State Utility Assistance is Not a "One-Shot Deal"

State Emergency Utility Assistance for Customers Who Cannot Pay Utility Bills.
Last week, PULP received a call from a Con Edison customer living in the Bronx. Her electric service had been terminated the week before for nonpayment of spiking electricity bills. The customer, a multiply disabled recipient of SSI assistance, had no defense to the termination of service, and simply lacked funds to pay the charges.

The food in her refrigerator had spoiled, she was unable to cook, and she was using candles to light her apartment

She applied for emergency utility assistance from New York City Human Resources Administration (HRA) for a grant to restore her utility service. Under Section 131-s of the New York Social Services Law, local social services districts are required to make a payment to a utility when necessary to preserve or restore utility service to a recipient of public assistance. She filled out an application, but was denied.

The So-Called “One-Shot” Deal
The HRA worker told the customer she was ineligible because she had received a grant eight months previously and utility assistance could not be provided more than once a year — it was a “one-shot deal.”

The SSI recipient was not given a written denial notice stating the factual or legal basis for the denial and was not advised of her right to appeal to the state OTDA through its “Fair Hearing” process.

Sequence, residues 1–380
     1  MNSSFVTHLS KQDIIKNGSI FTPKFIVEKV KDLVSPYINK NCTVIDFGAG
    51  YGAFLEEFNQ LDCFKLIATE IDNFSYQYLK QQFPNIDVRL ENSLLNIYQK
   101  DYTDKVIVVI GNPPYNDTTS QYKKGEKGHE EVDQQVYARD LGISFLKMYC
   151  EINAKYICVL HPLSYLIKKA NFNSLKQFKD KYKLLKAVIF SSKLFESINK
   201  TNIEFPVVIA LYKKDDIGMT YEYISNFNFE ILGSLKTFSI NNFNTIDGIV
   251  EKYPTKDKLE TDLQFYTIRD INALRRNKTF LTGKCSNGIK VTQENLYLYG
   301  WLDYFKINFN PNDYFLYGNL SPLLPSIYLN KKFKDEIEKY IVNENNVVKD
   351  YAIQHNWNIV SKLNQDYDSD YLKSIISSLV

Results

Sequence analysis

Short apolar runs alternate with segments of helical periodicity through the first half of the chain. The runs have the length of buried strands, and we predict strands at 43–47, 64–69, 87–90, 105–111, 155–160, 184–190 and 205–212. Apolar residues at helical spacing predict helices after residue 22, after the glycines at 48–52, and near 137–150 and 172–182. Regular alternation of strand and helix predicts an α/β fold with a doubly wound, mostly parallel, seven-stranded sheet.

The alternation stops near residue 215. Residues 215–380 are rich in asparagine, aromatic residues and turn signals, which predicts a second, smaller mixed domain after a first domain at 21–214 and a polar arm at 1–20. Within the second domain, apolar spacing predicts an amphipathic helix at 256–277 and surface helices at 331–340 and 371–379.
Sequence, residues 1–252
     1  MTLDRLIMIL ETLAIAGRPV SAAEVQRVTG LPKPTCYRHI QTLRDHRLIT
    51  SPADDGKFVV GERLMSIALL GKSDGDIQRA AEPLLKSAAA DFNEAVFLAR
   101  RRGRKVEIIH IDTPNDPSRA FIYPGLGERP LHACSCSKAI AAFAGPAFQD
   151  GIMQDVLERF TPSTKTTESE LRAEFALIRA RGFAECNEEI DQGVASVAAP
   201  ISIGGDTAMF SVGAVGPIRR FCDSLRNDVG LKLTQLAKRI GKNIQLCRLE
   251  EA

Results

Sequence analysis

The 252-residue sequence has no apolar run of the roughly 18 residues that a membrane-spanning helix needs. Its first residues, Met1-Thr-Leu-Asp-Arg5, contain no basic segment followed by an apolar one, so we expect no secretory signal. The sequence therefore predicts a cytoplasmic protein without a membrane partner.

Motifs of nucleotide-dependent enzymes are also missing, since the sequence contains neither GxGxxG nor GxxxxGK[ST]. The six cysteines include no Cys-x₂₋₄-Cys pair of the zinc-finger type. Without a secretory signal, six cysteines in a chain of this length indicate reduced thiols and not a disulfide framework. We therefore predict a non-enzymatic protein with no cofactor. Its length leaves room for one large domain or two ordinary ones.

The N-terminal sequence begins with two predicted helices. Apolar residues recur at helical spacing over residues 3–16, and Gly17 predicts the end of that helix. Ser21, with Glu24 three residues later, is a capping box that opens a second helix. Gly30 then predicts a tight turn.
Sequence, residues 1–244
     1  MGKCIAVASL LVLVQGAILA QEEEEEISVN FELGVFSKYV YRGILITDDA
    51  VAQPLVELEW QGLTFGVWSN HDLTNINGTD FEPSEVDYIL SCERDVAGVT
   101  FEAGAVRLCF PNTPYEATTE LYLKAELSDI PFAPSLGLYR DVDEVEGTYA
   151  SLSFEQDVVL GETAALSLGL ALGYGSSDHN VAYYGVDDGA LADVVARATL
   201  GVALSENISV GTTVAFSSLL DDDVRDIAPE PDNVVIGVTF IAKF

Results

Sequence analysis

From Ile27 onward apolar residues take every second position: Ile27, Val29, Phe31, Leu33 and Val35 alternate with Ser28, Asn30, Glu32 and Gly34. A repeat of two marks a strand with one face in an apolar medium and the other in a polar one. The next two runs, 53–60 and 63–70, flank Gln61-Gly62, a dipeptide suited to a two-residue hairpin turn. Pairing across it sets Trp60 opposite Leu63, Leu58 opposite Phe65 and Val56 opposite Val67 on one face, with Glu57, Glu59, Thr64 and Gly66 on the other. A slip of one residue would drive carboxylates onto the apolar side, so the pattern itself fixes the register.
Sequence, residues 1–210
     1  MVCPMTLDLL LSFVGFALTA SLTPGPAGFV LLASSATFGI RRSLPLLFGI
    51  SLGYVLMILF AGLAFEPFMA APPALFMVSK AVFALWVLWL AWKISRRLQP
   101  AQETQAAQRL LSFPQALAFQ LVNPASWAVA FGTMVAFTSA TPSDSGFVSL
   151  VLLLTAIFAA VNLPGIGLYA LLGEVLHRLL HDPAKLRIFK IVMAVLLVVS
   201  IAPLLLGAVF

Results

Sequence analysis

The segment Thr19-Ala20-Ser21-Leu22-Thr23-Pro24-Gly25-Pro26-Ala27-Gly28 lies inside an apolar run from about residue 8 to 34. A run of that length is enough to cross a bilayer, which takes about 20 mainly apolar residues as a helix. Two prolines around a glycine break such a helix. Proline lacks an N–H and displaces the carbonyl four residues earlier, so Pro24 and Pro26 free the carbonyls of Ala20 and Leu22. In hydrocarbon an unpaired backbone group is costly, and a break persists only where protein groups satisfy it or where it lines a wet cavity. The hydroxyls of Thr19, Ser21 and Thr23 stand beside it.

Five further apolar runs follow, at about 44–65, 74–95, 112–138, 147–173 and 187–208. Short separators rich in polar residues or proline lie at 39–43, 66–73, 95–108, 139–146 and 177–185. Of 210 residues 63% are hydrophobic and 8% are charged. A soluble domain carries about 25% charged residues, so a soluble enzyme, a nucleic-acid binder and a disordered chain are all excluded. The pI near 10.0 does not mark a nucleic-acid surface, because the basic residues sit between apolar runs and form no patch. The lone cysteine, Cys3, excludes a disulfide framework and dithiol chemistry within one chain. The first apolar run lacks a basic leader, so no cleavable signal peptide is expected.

In fact, there is no “one-shot deal” in the Section 131-s utility assistance program.

The SSI recipient was clearly eligible for a grant from HRA under Social Services Law Section 131-s. We surmise that the HRA worker may have been confused about programs in which federal reimbursement had been limited to one emergency per year. The availability of federal or state reimbursement, however, has no bearing at all on the statutory duty placed on local officials by Section 131-s to resolve a utility shutoff emergency with a payment to the utility of an amount equal to the most recent four months bills.

Waiting for HEAP is Dangerous
It seems that every year, at this time of year, we hear of cases where desperate utility customers are denied emergency benefits to maintain or restore service without adequate notice for bogus and palpably wrong reasons. Are local welfare departments trying to defer assistance to resolve energy emergencies until after November 3, when the HEAP program — which has full federal reimbursement — begins? If so, they are

  • disregarding statutory duties adopted in 1981 to coordinate the state utility assistance program with the Home Energy Fair Practices Act
  • frustrating the state’s policy that residential utility service should be provided continuously to promote the public health and welfare, and
  • playing with fire.

See Candle Fires: A Symptom of “Rolling Blackouts” Affecting Low-Income Households.

The “Fair Hearing” Remedy
Normally, if adequate denial notices are provided, applicants denied utility assistance can access the state OTDA informal “Fair Hearing” process and obtain a review of the assistance denial, without a lawyer. Even though it may take time to get a hearing and decision afterwards, simply requesting a state hearing can trigger a supervisory review at the local welfare office, and this can result in correction of a mistake even before the hearing is scheduled, when the agency cannot defend its action or inaction.